Magazines stretch all limits to stay relevant to readers

Publishers' ad space goes from car doors to sponsored departments

By Published on .

Cling-wrapped cars, concierge-service, satellite-radio fare and oodles of mobile-delivered material-magazines are falling over themselves waving their mastheads like red capes in front of the modern male.

Sports Illustrated, which saw its Web ads grow 100% year-over-year (prints ads were up 3.6%), is offering advertising opportunities tied to its new fantasy-sports offering, VCast-enabled cellular phones, iTunes video downloads, TV programming and its Web site, says Jeff Price, president of SI Digital.

"We're evolving from having the best sports magazine in the country to being a leading content producer that's platform-agnostic," says Mr. Price. "While the experience with the magazine is important, there was another 48 hours a week that we could be engaging these guys."

Subaru of America recently ran an extensive campaign with Rodale's fledgling men's magazine Best Life. The car company was the category-exclusive sponsor of the Vail Film Festival, supplying a fleet of Subaru shuttle cars-cling-wrapped and sponsoring a mobile roving billboard that drove around the Colorado town. Subaru, which has a male customer base of just over 50%, also bought print ads in the magazine. The combination, says Rick Crosson, Subaru's VP-marketing, is a preferred way of getting in front of its potential audience. It is planning another winter event with Rodale's Men's Health in 2007.

"It was a good fit for the active, adventure-loving and culturally aware Subaru customer," says Mr. Crosson. "We will definitely seek out similar opportunities in the future, as we believe that this type of interactive branding experience ultimately helps us sell vehicles."

While the men's magazine market has shrunk as of late, ad revenues at some books are up this year as more advertisers seek options outside the printed page. And those options abound, say publishers.

swinging the clubs

Dennis Publishing's Stuff is offering sponsored events-the company helped athletic brand Puma AG launch its golf line with a party at the Miami Beach (Fla.) Golf Club.

But there are other options, too, such as a recently launched travel concierge service called StuffVIPTravel in partnership with Key2Travel, adding yet another venue for advertisers. This lets marketers like Southern Comfort Co. align their brand with a location, says Publisher John Lumpkin. "Anytime a reader goes to anything [online] related to New Orleans it will be branded Southern Comfort," he says. The magazine's mobile concierge service, which allows readers to use their handsets to get restaurant reviews and reservations, extends this branding opportunity, he says.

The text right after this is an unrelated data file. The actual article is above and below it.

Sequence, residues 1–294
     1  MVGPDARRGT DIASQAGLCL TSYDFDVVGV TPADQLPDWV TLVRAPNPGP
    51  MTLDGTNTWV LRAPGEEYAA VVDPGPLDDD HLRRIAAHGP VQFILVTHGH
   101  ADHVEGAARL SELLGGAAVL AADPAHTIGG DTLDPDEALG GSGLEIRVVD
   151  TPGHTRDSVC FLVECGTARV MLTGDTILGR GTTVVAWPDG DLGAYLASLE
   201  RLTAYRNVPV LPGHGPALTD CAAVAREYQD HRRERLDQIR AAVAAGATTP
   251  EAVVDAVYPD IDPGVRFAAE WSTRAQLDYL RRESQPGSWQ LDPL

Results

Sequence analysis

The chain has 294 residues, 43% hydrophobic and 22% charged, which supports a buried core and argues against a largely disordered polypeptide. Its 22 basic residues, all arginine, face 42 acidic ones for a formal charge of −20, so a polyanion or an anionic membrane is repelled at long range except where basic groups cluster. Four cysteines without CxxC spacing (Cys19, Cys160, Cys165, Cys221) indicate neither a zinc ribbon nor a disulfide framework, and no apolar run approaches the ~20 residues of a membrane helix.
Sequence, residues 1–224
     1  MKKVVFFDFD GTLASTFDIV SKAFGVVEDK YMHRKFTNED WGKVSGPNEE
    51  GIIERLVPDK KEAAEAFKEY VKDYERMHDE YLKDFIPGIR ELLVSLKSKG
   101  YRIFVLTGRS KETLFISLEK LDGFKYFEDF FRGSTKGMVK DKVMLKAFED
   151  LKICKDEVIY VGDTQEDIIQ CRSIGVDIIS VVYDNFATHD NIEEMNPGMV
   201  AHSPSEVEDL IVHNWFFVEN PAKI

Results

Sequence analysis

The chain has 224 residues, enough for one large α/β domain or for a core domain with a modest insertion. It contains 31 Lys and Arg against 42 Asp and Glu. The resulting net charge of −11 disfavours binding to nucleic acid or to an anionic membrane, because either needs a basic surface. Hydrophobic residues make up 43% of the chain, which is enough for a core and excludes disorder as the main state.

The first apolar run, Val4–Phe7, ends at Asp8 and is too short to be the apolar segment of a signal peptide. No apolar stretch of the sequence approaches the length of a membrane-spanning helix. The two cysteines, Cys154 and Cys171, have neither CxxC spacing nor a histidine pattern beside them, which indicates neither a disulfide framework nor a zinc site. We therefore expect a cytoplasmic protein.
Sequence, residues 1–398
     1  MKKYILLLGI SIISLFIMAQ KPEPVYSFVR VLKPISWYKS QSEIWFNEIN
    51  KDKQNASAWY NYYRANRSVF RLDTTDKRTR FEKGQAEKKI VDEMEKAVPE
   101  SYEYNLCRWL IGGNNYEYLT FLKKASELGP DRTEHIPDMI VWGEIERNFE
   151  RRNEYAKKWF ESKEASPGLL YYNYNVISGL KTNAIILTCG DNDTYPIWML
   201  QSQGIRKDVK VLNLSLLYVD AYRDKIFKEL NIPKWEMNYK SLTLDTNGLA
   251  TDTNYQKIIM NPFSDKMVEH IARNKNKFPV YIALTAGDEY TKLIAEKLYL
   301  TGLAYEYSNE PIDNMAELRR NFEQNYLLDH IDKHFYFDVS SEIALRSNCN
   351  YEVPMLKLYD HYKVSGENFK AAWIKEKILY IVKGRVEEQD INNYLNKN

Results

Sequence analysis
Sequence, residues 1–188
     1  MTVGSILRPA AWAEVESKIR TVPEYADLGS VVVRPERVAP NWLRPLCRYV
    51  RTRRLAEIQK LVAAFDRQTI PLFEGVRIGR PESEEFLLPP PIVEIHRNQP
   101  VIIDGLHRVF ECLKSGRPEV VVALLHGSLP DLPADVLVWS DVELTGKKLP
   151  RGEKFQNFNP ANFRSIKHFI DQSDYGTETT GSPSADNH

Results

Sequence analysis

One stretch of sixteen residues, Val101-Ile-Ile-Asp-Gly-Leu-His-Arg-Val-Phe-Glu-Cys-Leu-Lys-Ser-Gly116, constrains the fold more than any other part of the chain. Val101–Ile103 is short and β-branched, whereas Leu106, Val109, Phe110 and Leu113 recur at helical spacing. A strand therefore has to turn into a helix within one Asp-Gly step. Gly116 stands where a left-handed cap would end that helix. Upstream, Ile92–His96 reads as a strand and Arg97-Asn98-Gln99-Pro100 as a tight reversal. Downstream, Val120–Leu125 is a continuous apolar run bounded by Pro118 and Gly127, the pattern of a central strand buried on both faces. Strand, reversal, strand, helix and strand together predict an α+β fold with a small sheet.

Sibling Maxim is even getting into radio, launching its own channel on Sirius Satellite Radio. This adds to the magazine's ad options, including nightclub evenings, mobile device content, branded microsites on, the Maxim Living line through Macy's and instant couponing.

"All the big brands want multiplatform solutions, so we are putting print together with online ... with mobile ... with events ... with branded entertainment on a TV show," says Robert F. Gregory, group publisher. "That's really the future for us. Put Maxim everywhere people go."

Men's Health, which this month relaunched its Web site, is now organized by department, says Publisher Jack Essig. Everything can be sponsored, especially an increasing amount of video content. The magazine also sells event sponsorship, says Mr. Essig.

One expert says the fact that so many magazines are offering-and so many advertisers are taking advantage of-nontraditional opportunities doesn't mean the print ad is less appealing or falling out of favor.

"Truth be told, men are harder to reach than women in print," says Brendan Hoey, print supervisor at Omnicom Group's OMD. "Advertisers are just trying to find new ways to keep them involved, but I don't think they are walking away from the pages or weaning them off. They are simply expanding the reality."

custom ad offerings

While the lure of additional ad dollars is strong, some publishers are focusing more attention on differentiating their in-book offerings. Wenner Media's Men's Journal recently created a custom ad for DaimlerChrysler's Jeep that mirrored the magazine's editorial content. The ad, which was for Jeep's new diesel offering, featured several itineraries of one-tank trips.

The June issue has a similar 10-page treatment for Beefeater gin, says Will Schenck, the magazine's publisher. "We don't call it advertorial, which is just running a brand ad and some worthless drivel. We go to the advertisers and say, 'You give us a message and then we translate it into value and importance.' "

Men's Health is adding new editorial coverage to help spur more ad buys, says Mr. Essig. The magazine is offering a tech "flip guide"-an issue that features a separate technology-centric supplement that sits reverse and upside down from the rest of the magazine.

Men's Health also focuses on awards-grooming and nutrition will be joined by technology awards early next year-to appeal to a wider group of advertisers. "What this does for us is gives us pure ownership of a category," says Mr. Essig. ""It also offers additional marketing opportunities for manufacturers to put our awards on their packaging."

Still, with all its innovation, Barbara Borg, OMD's group director of print, says the men's category isn't that much different than the rest of the publishing world.

"It's a tough marketplace, and not just for the men's books," she says. "Everyone is trying to come up with unique ways to reach readers and offer more to advertisers. This is not unique to the men's category."
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